Real Estate, Bandaids And Detox (Oh My!)
Do you remember when you were growing up and falling down all the time, Mom would put a band aid on your fleshy scrape to keep it from getting infected. That band aid made you feel really good, but it came with a price.
Removing a band aid from a messy wound is not a pleasant experience. There are two schools of thought on how to remove the band aid:
- Take your time - Be very slow, gently trying to "peel" it away from the would without damaging new skin or pulling hairs out.
- Grip it and rip it - Get hold of a tiny corner, count out loud from 1 to 3, then violently pull the band aid away from the wound in a nano-second.
Both ways cause pain, but most would argue that the latter produces better results (less pain and shorter recovery period).
The Real Estate Market Is In A Scrape
So why does somebody who writes a blog about real estate start a discussion about band aid removal? Great question ... and the answer is because it was the best analogy that I could come up with to describe what is going on between our politicians and our wayward real estate market.
If you were paying attention on Friday, you might have heard that Senators reached a compromise to extend the $8,000 first time home buyer tax credit. They also added a $6,500 tax credit for other primary-home purchasers and raised the qualifying income limits to $125,000 for single taxpayers and $225,000 for joint taxpayers, housing-industry sources said.
Under this proposal, home buyers will have until June 30 to go to close on their purchases. But this is not a "done deal," as the measure still faces votes in the full Senate and the House.
The Treatment For A Broken Real Estate Market Is "More of the Same?"
- Albert Einstein's definition of insanity: "Doing the same thing over and over again and expecting different results."
- Congress's Solution to our housing market woes: Create unfunded financial incentives to propel the market beyond the extent to which it could perform under normal market conditions.
Hey, WAIT A MINUTE, isn't this how we got here in the first place. Didn't we (the government) push to achieve results in home ownership rates by creating loan programs for consumers who historically had a high rate of default? Didn't this stimulate home-buying to such an elevated level that we produced significantly more homes than we needed?
Then, rather than see the good times come to an end, didn't the mortgage industry create even crazier loan schemes to keep the good times rolling?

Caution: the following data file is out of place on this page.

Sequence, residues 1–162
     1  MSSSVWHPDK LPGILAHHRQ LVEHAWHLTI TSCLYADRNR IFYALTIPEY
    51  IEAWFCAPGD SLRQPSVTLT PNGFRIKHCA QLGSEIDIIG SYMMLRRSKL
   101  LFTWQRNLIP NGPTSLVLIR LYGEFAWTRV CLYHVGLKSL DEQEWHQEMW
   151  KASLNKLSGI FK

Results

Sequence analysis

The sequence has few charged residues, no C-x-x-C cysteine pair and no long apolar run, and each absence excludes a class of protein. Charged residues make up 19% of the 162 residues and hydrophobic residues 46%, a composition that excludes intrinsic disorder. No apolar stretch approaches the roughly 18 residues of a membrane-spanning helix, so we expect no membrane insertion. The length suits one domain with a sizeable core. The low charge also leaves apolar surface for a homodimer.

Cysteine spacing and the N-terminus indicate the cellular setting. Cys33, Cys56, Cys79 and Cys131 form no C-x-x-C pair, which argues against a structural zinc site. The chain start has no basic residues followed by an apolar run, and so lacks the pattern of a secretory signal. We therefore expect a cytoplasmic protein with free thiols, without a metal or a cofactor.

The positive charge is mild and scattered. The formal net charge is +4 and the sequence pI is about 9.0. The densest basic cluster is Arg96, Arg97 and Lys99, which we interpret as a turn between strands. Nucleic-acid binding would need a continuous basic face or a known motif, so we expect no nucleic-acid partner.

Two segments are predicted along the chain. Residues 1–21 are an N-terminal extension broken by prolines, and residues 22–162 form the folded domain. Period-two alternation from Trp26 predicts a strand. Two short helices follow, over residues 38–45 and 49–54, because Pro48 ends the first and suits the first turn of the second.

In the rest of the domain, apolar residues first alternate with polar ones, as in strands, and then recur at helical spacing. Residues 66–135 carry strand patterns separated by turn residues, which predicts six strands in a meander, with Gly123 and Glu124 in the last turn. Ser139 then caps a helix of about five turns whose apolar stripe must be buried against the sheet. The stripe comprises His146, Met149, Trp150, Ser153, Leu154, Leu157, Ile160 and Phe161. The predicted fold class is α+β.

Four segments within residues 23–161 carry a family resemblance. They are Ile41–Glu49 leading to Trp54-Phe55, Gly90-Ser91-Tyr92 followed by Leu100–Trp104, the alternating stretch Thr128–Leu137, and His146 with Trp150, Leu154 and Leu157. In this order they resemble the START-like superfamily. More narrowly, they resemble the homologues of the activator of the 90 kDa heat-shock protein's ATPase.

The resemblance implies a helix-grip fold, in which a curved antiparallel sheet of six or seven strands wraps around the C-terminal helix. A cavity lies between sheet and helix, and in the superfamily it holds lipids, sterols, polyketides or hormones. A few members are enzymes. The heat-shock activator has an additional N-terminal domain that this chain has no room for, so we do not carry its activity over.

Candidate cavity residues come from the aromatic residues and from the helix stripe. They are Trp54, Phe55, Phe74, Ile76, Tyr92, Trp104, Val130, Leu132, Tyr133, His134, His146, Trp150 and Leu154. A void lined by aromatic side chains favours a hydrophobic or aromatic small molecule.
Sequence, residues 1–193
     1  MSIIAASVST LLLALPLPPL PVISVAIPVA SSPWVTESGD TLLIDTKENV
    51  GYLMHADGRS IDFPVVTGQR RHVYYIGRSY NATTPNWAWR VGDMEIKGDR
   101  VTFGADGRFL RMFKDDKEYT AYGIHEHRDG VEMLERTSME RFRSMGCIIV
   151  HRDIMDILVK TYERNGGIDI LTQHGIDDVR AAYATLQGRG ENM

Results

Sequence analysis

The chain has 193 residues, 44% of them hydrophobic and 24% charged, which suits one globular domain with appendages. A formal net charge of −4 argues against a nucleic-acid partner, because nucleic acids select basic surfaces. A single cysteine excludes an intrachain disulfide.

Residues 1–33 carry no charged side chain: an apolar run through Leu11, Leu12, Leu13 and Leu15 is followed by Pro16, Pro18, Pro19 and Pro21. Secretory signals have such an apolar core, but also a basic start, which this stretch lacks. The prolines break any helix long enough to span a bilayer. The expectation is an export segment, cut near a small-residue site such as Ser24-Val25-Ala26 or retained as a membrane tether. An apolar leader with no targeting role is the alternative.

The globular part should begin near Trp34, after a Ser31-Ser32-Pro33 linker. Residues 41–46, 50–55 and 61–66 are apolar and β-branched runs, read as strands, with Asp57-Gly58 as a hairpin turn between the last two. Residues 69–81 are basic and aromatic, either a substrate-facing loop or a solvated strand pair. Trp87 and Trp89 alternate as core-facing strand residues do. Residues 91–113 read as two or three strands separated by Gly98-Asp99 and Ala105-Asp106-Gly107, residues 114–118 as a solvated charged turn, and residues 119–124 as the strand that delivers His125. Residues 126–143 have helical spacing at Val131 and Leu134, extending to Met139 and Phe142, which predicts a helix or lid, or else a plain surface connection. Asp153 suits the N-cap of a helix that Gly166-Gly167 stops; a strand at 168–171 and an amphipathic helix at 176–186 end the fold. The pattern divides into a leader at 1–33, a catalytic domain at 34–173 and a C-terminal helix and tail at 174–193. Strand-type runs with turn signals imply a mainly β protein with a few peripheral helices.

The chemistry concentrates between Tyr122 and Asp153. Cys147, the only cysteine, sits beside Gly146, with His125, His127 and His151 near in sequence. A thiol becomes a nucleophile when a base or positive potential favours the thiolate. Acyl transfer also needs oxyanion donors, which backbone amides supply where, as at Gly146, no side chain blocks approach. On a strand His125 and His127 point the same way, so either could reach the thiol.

And roll they did.
Congress To Send Housing Market To Detox
Before I decided upon the "band aid removal" analogy, I was thinking that an addict going through detox pretty much paralleled our current process for change. Looking for proof of this led me to find the following information on a chemical dependency web site:
Factors Key To Successful Detoxification
- Acknowledge that there is a problem and decide to do something about it.
- Get rid of all the drugs and paraphernalia.
- Drop friends and associates that are tied to our drug problem.
- Seek and accept spousal support, or support from friends, or relatives.
- Prepare for symptoms with the support of a professional.
- If tranquilizer drugs are needed for a few days or longer, they must be handled sensitively, as one addiction can easily replace another.
The Congressional Plan To Send Real Estate Through Detoxification
OK, so let's see how we are comparing with the chemical detox plan ...
Congressional Keys To Housing Market Detoxification
- Everybody acknowledges that we have a housing problem
- All the crazy loan programs were canceled and the government loan programs require qualification again
- Um, nope. Kept the politicians around "just in case capitalism doesn't work."
- See #3.
- Avoid symptoms at all costs. Throw money and new programs instead of letting the wound begin to heal.
- Hmmmm, does this mean we will still have to face the problem one day?
Supply And Demand In Real Estate
I say we need to rip that band aid off. The supply side is still dominating our market and we need to consume massive inventories of homes that are on the market as well as the shadow inventory of homes that will soon be hitting the market.
Throwing more money at this is a mistake, and propping up our market with temporary solutions is ultimately going to make the collapse that much greater. Let normal market forces to work and our housing market will recover as it has through every previous market cycle.
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Joe Manausa is a real estate blogger, a real estate investor and the Broker and Co-Owner of Joe Manausa Real Estate. He can be reached via e-mail through the Tallahassee Real Estate Website or catch his latest writings on the Tallahassee Florida Real Estate Blog , or by calling (850) 386-2001.